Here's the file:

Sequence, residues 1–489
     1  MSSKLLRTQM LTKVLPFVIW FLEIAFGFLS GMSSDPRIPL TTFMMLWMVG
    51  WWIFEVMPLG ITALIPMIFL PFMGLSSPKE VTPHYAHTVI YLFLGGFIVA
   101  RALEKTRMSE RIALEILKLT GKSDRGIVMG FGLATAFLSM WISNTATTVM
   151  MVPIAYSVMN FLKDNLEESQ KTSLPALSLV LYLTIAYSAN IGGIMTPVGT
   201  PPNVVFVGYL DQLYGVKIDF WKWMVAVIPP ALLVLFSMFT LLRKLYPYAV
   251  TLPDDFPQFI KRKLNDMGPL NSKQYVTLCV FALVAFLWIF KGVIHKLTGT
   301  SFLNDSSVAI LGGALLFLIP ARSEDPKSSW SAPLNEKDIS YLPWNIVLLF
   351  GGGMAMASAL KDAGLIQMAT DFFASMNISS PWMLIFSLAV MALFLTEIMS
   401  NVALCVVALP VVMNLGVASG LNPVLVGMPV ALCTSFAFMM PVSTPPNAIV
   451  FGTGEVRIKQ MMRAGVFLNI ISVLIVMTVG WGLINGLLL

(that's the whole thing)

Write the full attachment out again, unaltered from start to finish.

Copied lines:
Sequence, residues 1–489
     1  MSSKLLRTQM LTKVLPFVIW FLEIAFGFLS GMSSDPRIPL TTFMMLWMVG
    51  WWIFEVMPLG ITALIPMIFL PFMGLSSPKE VTPHYAHTVI YLFLGGFIVA
   101  RALEKTRMSE RIALEILKLT GKSDRGIVMG FGLATAFLSM WISNTATTVM
   151  MVPIAYSVMN FLKDNLEESQ KTSLPALSLV LYLTIAYSAN IGGIMTPVGT
   201  PPNVVFVGYL DQLYGVKIDF WKWMVAVIPP ALLVLFSMFT LLRKLYPYAV
   251  TLPDDFPQFI KRKLNDMGPL NSKQYVTLCV FALVAFLWIF KGVIHKLTGT
   301  SFLNDSSVAI LGGALLFLIP ARSEDPKSSW SAPLNEKDIS YLPWNIVLLF
   351  GGGMAMASAL KDAGLIQMAT DFFASMNISS PWMLIFSLAV MALFLTEIMS
   401  NVALCVVALP VVMNLGVASG LNPVLVGMPV ALCTSFAFMM PVSTPPNAIV
   451  FGTGEVRIKQ MMRAGVFLNI ISVLIVMTVG WGLINGLLL